Trial Period

Written by Christine Werthman on . Posted in Posts.

You can buy an overpriced vintage perfume bottle on Craigslist or search for apartments in Bushwick disguised as East Williamsburg. Or, if you are Somer Bingham, you can find band members. That’s how the solo singer and guitarist met Dan LeMunyan, now the drummer in the Bingham-led band Clinical Trials. LeMunyan and Bingham met through Bingham’s online listing in the spring of 2009, and the inperson meeting that followed went better than either party could have anticipated. “We decided to get drunk, make music and be happy together,” LeMunyan says.

Bingham, a Florida native, toured around the country for a few years as a solo performer, armed with a guitar and a gruff and gutsy vocal style, reminiscent of Joan Jett, before looking to turn her solo work into a collaborative effort. In addition to LeMunyan, the band grew to include AJ Annunziata on bass. Both LeMunyan and Annunziata are ex-punk band players, and combining that hardcore background with Bingham’s female vocals “balances out the rage” in the group’s music, LeMunyan says. Clinical Trials also plans to add keyboard player Eric Olsen to the mix—a fairly new plan, as LeMunyan explains that the band and Olsen “just had drinks last night” to talk through the details. If Olsen’s addition to the band goes as intended, LeMunyan says that the band might look to add more “danceable, electro stuff” to its punk-edged mix.

The addition of new sounds not only serves to give the band some variety in its own sound, but also helps to differentiate between Bingham’s solo music and that of Clinical Trials. LeMunyan explains that while the band does still work with building upon some of Bingham’s originally solo songs, Clinical Trials is not just something to be looked at as Bingham’s side project. The band and Bingham as a solo performer are “two different things,” he says, with the songwriting process now extending to all members of the group writing tracks to bring to rehearsals for consideration. Despite intentions of self-releasing a debut EP this fall, as stated on the band’s MySpace page, Clinical Trials has no intention to record or release an album any time soon. “It’ll come out when it comes out,” LeMunyan says, estimating that a release has a better chance of appearing next year.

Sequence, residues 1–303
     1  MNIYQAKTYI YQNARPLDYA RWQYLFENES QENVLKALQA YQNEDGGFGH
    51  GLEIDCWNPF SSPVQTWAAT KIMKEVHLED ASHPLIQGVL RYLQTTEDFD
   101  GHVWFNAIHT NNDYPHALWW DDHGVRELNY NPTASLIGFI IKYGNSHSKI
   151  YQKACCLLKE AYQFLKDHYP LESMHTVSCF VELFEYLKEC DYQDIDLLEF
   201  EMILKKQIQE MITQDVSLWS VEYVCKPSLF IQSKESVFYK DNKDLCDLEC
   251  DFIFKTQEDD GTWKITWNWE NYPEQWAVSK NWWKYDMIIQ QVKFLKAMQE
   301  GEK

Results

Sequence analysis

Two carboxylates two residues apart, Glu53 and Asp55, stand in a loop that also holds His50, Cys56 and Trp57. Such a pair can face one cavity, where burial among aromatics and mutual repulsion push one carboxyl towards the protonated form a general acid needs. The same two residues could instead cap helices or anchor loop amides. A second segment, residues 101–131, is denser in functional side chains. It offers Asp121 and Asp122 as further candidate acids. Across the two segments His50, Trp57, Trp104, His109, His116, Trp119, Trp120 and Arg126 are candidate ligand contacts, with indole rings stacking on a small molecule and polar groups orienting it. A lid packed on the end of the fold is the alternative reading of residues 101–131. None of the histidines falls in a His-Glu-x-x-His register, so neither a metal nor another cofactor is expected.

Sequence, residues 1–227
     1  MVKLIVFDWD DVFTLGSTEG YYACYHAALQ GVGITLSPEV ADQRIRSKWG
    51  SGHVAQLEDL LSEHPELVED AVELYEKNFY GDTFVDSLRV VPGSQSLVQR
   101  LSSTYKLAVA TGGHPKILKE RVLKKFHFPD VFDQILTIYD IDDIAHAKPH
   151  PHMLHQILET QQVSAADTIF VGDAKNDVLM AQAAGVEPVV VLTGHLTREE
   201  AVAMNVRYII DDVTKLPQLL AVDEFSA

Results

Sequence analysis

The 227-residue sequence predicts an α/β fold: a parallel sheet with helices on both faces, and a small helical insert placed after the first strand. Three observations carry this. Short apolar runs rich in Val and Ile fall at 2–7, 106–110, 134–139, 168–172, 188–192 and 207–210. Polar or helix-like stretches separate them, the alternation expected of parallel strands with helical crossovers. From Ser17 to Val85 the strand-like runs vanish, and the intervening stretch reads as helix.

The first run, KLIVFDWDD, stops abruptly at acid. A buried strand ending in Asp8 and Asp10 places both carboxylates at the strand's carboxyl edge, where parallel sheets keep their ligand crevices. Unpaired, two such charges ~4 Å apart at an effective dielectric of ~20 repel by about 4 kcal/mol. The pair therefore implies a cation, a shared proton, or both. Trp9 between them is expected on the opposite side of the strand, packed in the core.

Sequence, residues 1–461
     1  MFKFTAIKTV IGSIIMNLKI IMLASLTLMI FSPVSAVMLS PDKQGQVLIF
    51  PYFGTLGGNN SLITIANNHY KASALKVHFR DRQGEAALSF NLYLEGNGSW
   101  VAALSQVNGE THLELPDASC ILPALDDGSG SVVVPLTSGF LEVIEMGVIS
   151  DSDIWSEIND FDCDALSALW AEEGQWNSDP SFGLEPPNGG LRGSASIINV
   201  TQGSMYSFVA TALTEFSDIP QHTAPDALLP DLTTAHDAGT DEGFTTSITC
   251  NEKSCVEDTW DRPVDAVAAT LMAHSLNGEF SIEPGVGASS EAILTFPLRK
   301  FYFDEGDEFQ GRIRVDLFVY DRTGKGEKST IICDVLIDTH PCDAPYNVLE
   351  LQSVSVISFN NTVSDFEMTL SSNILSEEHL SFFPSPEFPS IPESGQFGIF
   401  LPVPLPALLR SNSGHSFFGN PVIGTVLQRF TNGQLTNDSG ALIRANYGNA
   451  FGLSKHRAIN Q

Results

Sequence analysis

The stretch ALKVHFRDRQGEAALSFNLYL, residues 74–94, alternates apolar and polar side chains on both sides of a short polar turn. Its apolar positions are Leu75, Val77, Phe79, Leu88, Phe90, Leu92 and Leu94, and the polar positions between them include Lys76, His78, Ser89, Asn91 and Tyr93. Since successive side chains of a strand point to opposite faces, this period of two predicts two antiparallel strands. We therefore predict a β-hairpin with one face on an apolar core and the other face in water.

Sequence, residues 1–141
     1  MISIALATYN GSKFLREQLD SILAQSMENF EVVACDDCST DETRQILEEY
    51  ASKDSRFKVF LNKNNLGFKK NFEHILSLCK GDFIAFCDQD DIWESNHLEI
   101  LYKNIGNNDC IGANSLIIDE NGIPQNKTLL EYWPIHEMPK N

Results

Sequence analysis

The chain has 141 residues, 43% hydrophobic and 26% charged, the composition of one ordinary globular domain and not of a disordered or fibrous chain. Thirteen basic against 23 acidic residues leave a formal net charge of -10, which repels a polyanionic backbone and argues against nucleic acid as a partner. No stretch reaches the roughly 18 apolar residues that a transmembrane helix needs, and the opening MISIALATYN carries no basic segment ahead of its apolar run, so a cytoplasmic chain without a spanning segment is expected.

In lieu of an album release, Clinical Trials is focusing on developing its sound and perfecting its live show, an important task for a group that LeMunyan says considers itself “more of a live band right now.” The band has gained most of its following by playing at house and apartment parties, in addition to gay-friendly events, which LeMunyan credits to Bingham, a lesbian, who did the same as a solo artist. While improving the live show is at the top of the band’s agenda, getting signed to a label sits even further back on the group’s to-do list than recording the EP. “We’re anti-getting signed,” LeMunyan says. “We would just like to turn down record deals.”

Clinical Trials’ other goal is simply to make the experience of coming to see the band fun, something LeMunyan says is missing from a lot of live shows these days. So if you do catch Clinical Trials playing, be aware that the band members “just like to rock and fucking melt faces,” LeMunyan says. You have been warned. C

CLINICAL TRIALS Nov. 7, Loft 73, 73 Washington Ave. (betw. Park & Flushing Aves.), Brooklyn, no phone; 8, $TBA.

NOTE: After New York Press launched its New Music Contest this fall (in conjunction with Sonicbids), Clinical Trials was the band with the biggest fan base (or savviest web marketing skills) to take home the prize, earning them a profile in our Music Issue. Thanks to all of the excellent talent out there; we hope to hear more from you in the future.